Emma Jacobs | PRI’s The World
To get into Sciences Po, students typically have to pass a written entrance exam and make a presentation to a juried panel. The CEP program introduces an alternative entry process for students from about 100 specially chosen high schools in state-determined priority education zones, based on factors including income and educational success rates.
These districts are largely located in lower-income suburban and rural areas. …
“In the French Constitution, [it’s] written there shouldn't be any kind of discrimination on the basis of race or ethnicity,” [the Sciences Po sociologist Agnes] van Zanten says. “That’s the idea that even positive discrimination is a form of discrimination.”
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Jacqueline Rabe Thomas | Connecticut Mirror
Welcome to the messy world of funding schools in Connecticut, where politics often trumps policy in determining how much state aid is sent to certain communities.
Frustrated that the legislature and governor seemed to regularly bypass the complex formula created to ensure state aid is apportioned to cities and towns that need it the most, a Superior Court judge recently ruled after a five-month trial that the state had created an “irrational,” and thus unconstitutional, method of distributing education funding that takes place in a “black box of secrecy.”
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Ted C. Fishman | Chicago magazine
Faced with tens of millions in lost tuition dollars, the [Columbia College Chicago] administration has cut budgets, trimmed personnel, pared back academic programs, enlarged class sizes, and, in a risky gambit intended to attract new students, promised new facilities that will cost tens of millions more. ...
The impending changes haven’t quelled unrest at the school; in 2015 some part-time faculty and students occupied the new president’s offices and had to be escorted out by campus security.* And many faculty members question whether the turnaround, if it happens, will cost the college the quirky identity that has been its calling card for half a century.
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Caitlin Gibson | The Washington Post
Their voices got louder. She doesn’t remember exactly what made him reach for the glass on his bedside table. He threw it with such force that it spun across the room and shattered against his closet door, carving a two-inch gash in the white painted wood. Tiny shards glinted on the striped rug.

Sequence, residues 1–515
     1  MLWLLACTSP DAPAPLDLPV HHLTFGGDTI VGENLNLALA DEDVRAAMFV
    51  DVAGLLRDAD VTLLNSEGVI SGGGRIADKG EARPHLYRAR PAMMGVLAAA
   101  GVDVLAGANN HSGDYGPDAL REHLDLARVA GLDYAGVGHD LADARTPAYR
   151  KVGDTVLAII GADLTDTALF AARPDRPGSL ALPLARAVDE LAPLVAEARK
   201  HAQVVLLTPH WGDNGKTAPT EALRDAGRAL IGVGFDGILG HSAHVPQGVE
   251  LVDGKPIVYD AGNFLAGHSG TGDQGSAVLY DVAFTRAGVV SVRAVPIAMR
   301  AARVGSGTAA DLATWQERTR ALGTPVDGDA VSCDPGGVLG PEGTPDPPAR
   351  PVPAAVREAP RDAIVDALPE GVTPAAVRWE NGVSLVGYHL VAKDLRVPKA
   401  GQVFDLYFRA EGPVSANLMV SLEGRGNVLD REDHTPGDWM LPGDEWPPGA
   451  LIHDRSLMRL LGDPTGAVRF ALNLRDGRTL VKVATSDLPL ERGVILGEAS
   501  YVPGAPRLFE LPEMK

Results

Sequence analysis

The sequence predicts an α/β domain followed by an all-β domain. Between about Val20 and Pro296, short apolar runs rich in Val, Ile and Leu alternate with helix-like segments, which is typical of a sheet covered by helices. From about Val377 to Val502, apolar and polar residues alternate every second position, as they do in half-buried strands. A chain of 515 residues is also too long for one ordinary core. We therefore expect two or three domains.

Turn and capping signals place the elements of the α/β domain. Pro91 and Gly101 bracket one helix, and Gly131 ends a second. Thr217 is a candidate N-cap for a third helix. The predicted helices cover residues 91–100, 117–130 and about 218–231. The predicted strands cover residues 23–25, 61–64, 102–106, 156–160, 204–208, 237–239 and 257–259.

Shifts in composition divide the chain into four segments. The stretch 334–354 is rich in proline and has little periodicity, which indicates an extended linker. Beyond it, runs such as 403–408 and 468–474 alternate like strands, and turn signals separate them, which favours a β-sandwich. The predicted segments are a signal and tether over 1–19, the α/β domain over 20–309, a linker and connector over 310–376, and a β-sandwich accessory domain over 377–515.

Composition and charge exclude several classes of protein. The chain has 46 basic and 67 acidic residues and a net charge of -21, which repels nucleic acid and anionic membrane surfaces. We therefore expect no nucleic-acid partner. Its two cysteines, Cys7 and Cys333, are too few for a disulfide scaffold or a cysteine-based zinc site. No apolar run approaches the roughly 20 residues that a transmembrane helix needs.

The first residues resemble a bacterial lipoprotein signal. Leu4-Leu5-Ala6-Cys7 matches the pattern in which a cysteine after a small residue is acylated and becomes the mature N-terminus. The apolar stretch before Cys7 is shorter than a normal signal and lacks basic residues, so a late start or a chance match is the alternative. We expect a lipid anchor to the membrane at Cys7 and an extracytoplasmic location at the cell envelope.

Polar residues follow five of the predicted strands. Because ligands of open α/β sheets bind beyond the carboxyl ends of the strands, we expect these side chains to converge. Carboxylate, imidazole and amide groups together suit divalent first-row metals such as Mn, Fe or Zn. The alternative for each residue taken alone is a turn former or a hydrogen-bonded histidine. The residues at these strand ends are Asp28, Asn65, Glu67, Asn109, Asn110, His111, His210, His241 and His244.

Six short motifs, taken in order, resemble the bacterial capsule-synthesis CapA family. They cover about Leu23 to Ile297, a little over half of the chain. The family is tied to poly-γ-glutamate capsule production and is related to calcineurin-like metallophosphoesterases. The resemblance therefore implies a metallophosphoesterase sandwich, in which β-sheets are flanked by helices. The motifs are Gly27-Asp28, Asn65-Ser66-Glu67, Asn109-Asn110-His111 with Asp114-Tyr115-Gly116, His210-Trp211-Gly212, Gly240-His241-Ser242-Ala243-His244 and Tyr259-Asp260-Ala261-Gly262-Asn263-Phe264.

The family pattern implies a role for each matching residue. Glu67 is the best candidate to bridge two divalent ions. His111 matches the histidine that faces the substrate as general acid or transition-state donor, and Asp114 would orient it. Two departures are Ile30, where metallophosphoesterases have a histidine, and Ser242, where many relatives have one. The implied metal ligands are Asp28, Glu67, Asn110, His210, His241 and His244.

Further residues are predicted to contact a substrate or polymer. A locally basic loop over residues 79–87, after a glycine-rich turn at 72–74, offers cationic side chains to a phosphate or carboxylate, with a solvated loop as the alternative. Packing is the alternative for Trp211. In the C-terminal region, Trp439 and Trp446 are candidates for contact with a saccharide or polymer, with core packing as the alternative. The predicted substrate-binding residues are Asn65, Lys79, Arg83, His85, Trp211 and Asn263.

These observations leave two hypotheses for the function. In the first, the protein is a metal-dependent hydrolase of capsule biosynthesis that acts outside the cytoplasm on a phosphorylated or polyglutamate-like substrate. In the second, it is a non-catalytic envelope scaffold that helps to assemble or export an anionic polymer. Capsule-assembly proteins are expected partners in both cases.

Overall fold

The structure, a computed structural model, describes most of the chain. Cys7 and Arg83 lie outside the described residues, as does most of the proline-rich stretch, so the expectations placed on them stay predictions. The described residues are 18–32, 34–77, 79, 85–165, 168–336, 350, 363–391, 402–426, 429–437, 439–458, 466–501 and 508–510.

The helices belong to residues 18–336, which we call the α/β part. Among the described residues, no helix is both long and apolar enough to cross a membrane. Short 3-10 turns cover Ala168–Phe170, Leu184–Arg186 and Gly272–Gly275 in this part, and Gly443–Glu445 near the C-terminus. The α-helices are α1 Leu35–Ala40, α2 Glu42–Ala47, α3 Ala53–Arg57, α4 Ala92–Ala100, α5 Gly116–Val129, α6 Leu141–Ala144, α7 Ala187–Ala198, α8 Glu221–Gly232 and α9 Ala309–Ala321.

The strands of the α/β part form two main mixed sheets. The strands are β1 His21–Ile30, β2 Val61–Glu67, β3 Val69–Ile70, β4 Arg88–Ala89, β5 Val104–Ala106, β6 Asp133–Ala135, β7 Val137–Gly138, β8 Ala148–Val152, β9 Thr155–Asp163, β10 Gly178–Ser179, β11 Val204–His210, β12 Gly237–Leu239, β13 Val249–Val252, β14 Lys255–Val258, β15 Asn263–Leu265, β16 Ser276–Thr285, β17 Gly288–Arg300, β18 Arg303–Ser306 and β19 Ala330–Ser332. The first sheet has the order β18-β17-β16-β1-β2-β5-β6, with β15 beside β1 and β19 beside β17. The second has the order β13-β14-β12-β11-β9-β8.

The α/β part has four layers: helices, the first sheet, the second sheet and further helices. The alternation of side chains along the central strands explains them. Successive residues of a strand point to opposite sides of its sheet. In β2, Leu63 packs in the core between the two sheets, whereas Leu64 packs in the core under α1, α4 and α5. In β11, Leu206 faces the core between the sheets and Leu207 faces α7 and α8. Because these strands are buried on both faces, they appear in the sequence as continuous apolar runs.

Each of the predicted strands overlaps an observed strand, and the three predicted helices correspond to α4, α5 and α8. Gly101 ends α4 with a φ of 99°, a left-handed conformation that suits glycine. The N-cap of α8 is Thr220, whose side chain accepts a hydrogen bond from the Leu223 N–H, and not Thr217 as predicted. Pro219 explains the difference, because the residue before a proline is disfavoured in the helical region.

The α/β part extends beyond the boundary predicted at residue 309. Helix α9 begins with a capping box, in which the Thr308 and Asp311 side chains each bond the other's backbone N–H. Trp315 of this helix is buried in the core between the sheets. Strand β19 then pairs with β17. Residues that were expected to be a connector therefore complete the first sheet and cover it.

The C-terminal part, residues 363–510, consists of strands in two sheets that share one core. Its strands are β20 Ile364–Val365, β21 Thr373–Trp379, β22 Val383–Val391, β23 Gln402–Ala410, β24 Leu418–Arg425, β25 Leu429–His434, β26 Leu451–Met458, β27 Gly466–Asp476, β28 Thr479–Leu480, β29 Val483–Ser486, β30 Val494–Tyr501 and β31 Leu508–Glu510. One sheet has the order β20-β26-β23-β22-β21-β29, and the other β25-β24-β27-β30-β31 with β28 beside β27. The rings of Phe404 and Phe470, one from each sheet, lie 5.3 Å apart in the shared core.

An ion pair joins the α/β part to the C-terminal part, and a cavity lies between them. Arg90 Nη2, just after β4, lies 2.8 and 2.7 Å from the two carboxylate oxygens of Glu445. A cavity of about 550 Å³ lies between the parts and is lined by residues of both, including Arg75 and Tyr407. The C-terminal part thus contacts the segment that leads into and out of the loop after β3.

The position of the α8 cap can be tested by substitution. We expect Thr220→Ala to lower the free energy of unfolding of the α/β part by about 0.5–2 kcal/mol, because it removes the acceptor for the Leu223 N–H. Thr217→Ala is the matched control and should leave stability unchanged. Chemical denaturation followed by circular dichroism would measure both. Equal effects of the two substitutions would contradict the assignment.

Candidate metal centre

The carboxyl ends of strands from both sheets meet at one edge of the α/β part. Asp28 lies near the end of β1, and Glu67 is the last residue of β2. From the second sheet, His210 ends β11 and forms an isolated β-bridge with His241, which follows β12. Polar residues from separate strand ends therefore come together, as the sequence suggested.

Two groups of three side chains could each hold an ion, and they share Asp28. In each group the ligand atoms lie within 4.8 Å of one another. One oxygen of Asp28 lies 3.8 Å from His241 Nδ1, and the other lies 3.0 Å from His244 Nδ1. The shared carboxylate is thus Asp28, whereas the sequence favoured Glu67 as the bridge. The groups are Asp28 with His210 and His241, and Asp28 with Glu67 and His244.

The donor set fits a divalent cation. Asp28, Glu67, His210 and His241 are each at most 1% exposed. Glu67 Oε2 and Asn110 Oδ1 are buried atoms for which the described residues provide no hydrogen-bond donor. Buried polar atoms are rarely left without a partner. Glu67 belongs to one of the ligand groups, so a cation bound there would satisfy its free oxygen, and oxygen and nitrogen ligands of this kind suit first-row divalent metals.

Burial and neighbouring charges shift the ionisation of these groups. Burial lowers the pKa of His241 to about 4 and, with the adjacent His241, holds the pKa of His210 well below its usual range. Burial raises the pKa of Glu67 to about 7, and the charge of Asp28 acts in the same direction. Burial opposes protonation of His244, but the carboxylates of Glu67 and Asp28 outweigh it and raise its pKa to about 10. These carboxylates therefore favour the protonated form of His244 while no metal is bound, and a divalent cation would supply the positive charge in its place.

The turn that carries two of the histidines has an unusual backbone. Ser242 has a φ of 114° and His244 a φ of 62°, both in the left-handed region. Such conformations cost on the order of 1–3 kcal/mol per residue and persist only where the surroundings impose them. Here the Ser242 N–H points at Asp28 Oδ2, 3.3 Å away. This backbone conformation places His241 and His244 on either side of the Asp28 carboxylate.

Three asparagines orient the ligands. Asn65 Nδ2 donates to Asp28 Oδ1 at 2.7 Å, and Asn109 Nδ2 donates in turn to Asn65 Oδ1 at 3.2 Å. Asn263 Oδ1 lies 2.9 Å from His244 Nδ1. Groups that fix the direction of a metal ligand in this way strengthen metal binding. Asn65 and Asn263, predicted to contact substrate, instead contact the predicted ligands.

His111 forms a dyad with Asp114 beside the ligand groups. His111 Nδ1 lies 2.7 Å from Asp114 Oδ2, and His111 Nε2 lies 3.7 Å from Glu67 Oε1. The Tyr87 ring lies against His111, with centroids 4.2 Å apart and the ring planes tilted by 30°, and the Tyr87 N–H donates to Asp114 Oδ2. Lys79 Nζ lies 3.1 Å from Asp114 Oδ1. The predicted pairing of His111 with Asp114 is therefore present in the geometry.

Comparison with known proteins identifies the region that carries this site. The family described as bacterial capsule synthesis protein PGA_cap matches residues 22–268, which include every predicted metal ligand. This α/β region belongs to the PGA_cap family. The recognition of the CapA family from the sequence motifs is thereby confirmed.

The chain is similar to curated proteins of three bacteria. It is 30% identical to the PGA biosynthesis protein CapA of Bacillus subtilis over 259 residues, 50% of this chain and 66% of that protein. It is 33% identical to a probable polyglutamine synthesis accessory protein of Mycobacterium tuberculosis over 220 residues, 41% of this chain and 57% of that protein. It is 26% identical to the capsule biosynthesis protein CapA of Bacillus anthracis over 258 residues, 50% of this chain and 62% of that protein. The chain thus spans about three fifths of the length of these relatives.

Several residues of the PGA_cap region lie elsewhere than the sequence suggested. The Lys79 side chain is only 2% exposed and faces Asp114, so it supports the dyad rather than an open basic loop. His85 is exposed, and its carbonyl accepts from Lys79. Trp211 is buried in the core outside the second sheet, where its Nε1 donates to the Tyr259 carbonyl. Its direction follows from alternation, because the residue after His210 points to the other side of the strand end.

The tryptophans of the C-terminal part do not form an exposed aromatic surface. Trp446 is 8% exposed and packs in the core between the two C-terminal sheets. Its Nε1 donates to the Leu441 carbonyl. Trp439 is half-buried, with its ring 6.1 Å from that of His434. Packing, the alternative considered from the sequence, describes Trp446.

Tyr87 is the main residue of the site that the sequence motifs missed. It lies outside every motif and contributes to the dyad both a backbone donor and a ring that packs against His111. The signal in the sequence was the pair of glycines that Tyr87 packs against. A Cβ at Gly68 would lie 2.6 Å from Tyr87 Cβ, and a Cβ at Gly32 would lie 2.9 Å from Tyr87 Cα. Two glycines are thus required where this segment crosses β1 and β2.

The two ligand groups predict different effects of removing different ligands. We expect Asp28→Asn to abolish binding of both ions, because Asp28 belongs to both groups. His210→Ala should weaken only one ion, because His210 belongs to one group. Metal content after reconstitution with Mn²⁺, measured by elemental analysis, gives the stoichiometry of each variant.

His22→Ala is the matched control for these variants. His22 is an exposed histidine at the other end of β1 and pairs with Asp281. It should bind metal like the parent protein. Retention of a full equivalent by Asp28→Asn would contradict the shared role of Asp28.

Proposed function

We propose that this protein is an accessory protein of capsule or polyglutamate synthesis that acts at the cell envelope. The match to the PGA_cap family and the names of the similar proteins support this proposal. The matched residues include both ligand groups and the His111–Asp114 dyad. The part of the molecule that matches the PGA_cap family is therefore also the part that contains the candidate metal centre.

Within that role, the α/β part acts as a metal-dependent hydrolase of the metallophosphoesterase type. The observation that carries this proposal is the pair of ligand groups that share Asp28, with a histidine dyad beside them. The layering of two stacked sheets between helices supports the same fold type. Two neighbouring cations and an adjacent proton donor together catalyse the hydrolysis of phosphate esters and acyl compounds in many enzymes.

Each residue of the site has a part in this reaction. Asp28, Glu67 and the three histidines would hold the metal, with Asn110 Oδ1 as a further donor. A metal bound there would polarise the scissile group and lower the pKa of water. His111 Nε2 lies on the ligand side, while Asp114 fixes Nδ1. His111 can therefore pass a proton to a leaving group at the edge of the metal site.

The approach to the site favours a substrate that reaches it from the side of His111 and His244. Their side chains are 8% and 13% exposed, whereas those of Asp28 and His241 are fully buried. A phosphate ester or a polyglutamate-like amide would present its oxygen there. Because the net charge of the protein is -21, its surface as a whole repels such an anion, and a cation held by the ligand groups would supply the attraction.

By then, the family’s stately home in New York was riddled with such scars—nicks in the walls, scratches in the floor, a divot in the marble countertop lining the kitchen sink. All remnants of the boy’s outbursts, which had intensified over the years, almost always triggered by a simple request from his parents: Byrne, please turn off the game. Please get off the computer.
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Gene Demby and Audie Cornish | NPR’s Code Switch
Gene Demby: “Even in Boston, there was this one school-integration program—a busing program, as it turns out—that wasn’t controversial at all. In fact, that program is still around today, and it has support from Democrats and Republicans. It’s called METCO, which stands for the Metropolitan Council for Educational Opportunity.” ...
Audie Cornish: “What I knew is that one year I had been going to a school with mostly black students, and then one year, I was on a bus and I was going to school with mostly white students. And you’re told you’re going to a better place, which sounds creepy when you say it like that, but the implication is you’re about to get an upgrade. And then you get there, and for me, I distinctly remember this being the first time I understood the concept of class. It was the first time I saw bigger houses and a nice, carpeted classroom, and toys, and colors.”
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Sascha Brodsky | The Atlantic
The Duncan family has been living in Flatlands since April. Their journey into the shelter system began when Duncan was forced to give up her job as a registered nurse to care for her 4-year-old son Dayle, who has Down syndrome and health problems that include breathing difficulties. After she separated from her husband, a bank foreclosed on her house and she ended up in Flatlands.
Duncan says it’s a daily struggle getting her kids to school. She asked to be placed in a shelter closer to her childrens’ schools but said she was told there were none available. So, her children have to line up in front of the Flatlands residence at 6:45 a.m. to get on school buses—it can take them up to two hours to get there. They often arrive late and exhausted; a doctor told Duncan that the long trip is bad for Dayle’s health.
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Jesse Pound | OU Daily
With two early losses squashing playoff dreams and an injury list that seemed to grow by a starter per week, Oklahoma was on the ropes.
Beaten, bruised, and backed into a corner, the Sooners looked up and still had nine rounds left in the season and Big 12 championship up for grabs. So they started swinging.
* This article originally stated faculty and students were forcibly removed from the president's office. We regret the error.
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